The Mugler Mothership Touches Down in Brooklyn
Style Points is a weekly column about how fashion intersects with the wider world.
More than a million people have seen “Thierry Mugler: Couturissime” over the course of a run that’s taken the show from Montreal and Paris to Rotterdam and Munich. But until this month, it had never come to New York, where the designer lived for a dozen years. It was important, says curator Thierry-Maxime Loriot, that the show make its way here for its last stop, “to give him a last goodbye, because New York was a city that inspired him.”
The show—which opens on November 18 at the Brooklyn Museum—gathers together the late designer’s pathbreaking work, which inspired a generation of acolytes, including John Galliano and Alexander McQueen, and is credited with injecting the once-fading genre of couture with an inimitable aura of cool. Despite his ardent fashion world following, Mugler’s work, Loriot argues, “was not about fashion. It was so spectacular, so different, so timeless.” And simultaneously so ahead of its time. “He was quite misunderstood,” Loriot reflects, “because some people said he was putting women back in corsets, and transforming them into robots, and butterflies, and animals.” But that, he argues, “was more [about] giving them the freedom to be whoever they wanted to be.”
“He was such a visionary in his own lane,” recalls the house’s current creative director, Casey Cadwallader. “His craft looked different, his shapes looked different, the people on the runway looked different. He was just doing him. And I think that he was clashing against certain standards of taste and aesthetic, and he did not care. For me, that is the core of the story—that this man fought for his direction and lived what was his passion.”
His clothes aren’t timeless in the usual sense of the word: the classics, the safe bets. Instead, they almost exist outside of time, and their appeal translates just as well today as they did 30 or 40 years ago. No wonder Cardi B opted for Mugler’s “Venus” shell dress at the 2019 Grammys and Kylie Jenner chose a body-conscious ’90s look of his for the most recent CFDA Awards. These are women who could have their pick of any designer in the world, but they’re pining after archival Mugler pieces. And, after seeing his body of work, “you understand why pop stars now are fighting to wear these very precious archive [pieces],” says Loriot.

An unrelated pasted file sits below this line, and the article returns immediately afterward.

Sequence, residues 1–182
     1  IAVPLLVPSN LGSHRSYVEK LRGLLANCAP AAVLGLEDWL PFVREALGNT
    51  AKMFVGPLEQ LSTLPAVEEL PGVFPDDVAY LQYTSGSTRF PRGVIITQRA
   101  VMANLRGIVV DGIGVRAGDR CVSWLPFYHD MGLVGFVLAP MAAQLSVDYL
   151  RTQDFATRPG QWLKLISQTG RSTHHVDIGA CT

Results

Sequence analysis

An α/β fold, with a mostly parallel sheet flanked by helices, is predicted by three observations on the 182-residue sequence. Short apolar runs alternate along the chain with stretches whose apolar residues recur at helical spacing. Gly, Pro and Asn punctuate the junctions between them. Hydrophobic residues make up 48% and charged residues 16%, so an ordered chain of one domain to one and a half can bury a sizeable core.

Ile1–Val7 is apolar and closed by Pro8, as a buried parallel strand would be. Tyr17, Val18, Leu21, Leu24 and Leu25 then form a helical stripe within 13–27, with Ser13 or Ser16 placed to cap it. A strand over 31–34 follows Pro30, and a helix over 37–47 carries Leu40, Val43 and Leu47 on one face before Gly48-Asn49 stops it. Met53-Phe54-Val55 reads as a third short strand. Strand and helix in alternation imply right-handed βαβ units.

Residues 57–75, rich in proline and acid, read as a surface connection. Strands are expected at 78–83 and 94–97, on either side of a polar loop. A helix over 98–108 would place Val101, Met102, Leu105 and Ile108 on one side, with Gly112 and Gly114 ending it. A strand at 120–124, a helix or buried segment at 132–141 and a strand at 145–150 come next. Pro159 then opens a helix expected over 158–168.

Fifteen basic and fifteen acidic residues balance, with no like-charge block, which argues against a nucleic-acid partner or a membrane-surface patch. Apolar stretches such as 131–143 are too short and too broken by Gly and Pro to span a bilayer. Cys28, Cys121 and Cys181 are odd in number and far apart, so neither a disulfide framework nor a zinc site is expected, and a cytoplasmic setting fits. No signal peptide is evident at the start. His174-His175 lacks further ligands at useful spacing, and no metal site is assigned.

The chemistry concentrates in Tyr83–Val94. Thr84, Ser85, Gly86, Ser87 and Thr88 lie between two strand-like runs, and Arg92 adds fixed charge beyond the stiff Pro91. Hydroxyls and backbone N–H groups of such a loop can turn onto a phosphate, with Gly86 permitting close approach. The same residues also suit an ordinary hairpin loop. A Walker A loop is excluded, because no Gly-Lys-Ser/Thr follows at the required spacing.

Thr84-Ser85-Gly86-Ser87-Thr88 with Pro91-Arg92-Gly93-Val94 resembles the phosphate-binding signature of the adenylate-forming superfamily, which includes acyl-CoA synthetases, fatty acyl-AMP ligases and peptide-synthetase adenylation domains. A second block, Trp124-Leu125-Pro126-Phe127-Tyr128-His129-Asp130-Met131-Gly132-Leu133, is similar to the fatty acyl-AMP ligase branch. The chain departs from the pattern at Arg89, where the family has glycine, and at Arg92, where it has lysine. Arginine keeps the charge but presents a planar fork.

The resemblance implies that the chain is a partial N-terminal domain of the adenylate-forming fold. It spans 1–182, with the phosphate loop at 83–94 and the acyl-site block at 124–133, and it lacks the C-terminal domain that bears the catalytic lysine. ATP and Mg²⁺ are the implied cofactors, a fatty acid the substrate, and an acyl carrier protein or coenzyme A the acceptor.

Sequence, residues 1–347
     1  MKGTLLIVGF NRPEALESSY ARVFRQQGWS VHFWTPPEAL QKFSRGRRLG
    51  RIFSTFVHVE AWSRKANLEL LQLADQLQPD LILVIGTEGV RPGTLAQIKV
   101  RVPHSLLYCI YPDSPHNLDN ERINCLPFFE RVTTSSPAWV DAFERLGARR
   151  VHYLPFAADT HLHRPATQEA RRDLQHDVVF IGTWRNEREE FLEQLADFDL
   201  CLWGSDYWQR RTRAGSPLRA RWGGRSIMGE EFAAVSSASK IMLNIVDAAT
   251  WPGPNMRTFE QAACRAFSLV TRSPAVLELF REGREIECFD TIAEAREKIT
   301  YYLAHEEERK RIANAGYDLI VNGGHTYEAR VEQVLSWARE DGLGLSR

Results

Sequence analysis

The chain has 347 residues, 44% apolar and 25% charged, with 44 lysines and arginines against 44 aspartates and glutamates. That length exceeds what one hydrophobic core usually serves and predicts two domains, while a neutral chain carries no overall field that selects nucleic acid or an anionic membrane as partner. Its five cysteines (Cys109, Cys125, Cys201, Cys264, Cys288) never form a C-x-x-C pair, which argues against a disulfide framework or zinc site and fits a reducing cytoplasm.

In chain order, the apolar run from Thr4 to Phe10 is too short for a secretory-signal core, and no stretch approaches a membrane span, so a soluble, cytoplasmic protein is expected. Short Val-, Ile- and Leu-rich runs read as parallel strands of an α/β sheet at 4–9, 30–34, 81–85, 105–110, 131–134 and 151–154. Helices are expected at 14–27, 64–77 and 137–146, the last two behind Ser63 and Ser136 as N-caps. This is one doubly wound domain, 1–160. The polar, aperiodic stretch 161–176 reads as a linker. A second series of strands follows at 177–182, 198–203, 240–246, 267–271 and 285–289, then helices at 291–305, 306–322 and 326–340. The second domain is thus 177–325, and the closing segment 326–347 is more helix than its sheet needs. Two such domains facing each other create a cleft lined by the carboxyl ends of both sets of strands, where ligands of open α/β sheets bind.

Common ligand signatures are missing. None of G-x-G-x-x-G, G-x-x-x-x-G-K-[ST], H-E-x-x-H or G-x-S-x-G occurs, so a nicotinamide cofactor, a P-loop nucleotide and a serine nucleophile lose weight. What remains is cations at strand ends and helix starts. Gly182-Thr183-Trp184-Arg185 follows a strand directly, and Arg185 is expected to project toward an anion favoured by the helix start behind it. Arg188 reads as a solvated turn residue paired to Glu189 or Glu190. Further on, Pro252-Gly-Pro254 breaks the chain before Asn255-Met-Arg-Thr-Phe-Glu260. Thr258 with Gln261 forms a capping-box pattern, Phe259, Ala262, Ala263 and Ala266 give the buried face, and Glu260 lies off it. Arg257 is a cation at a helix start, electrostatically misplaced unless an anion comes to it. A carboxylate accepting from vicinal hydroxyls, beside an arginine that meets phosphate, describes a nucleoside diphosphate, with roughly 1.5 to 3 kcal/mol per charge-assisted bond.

Mugler’s runway shows felt like Instagram- or TikTok-ready experiences well before either of those were a reality. As a former ballet dancer, he knew his way around a theatrical production. Everyone from Traci Lords to Tippi Hedren to Ivana Trump in her “don’t get mad, get everything” era appeared on his runway at some point. James Brown performed at his 20th anniversary show at the Cirque d’Hiver; a pregnant Pat Cleveland was lowered from the ceiling at his fall 1984 extravaganza. Cadwallader cites the spring 1991 “Butterfly” show, featuring and inspired by Diana Ross, as a personal favorite.
Mugler was also ahead of his time when it came to emphasizing diversity, whether it came to race, size, or gender expression. “To [cast] women that were very voluptuous, at that time, it was not something that was trendy. It was something that was just natural for him, to show different types of beauty, and different types of bodies. Now people see it, and they recognize it,” Loriot says. He also calls back to the spring 1998 show (“Here’s a full show, with only Black girls, and it’s fantastic, and people didn’t get it”), and to the fact that Mugler was one of the first designers to feature trans models on his catwalks and in his videos. His fashion house, says Cadwallader, “was a place of acceptance, open-mindedness, a place where you could shine, where you could be your best and you knew you were welcome.”
Mugler’s designs explored his fascination with transhumanism, the belief that humans can evolve beyond their limitations with the help of technology—thus his penchant for showing models morphing into cars or robots. His futuristic approach extended to his views on retrospectives, Loriot says. “[Mugler was] someone who was not nostalgic, and that’s one reason why he always refused to have a show on his work. It was because he wanted it to be, not a nostalgic look to the past, but more something towards the future…His fantasy was that he would create the perfect outfit that everybody on the planet would wear, and everybody would be the same, so that the only thing that would stand out was your personality.”
After leaving fashion in 2002, Mugler went on to pursue a range of projects, from collaborating with Cirque du Soleil to working as Beyoncé’s artistic director for her I Am… World Tour. “He left the fashion industry for a reason. I think it was just that he had a good bullshit detector,” says Loriot. “He was someone who could sense who was there for the good, or for the wrong, reason.”
The Brooklyn edition of the exhibit will include a perfume room dedicated to Mugler’s fragrances, including Angel, which changed the perfume industry forever by kicking off the “gourmand” category of scents. “The first [Angel] campaign was shot in New York, on the Chrysler building, with Estella Lefébure,” says Loriot, “and you see the World Trade Center in the background, so it’s a link with New York.”
Loriot hopes that the exhibit will appeal to everyone, “from my parents, to young kids, to people who think they don’t like fashion, but will just be amazed to see Cardi B’s costumes. There’s a lot for everyone.”
Adds Cadwallader: “His work has so much life to it, as does the culture that it was made within. The thing about the archive is that there is so much energy and so many ideas running through it—every time I look, I see something new. He was this incredibly passionate man, who did whatever he dreamed and whatever he wanted. I think people will be very inspired.”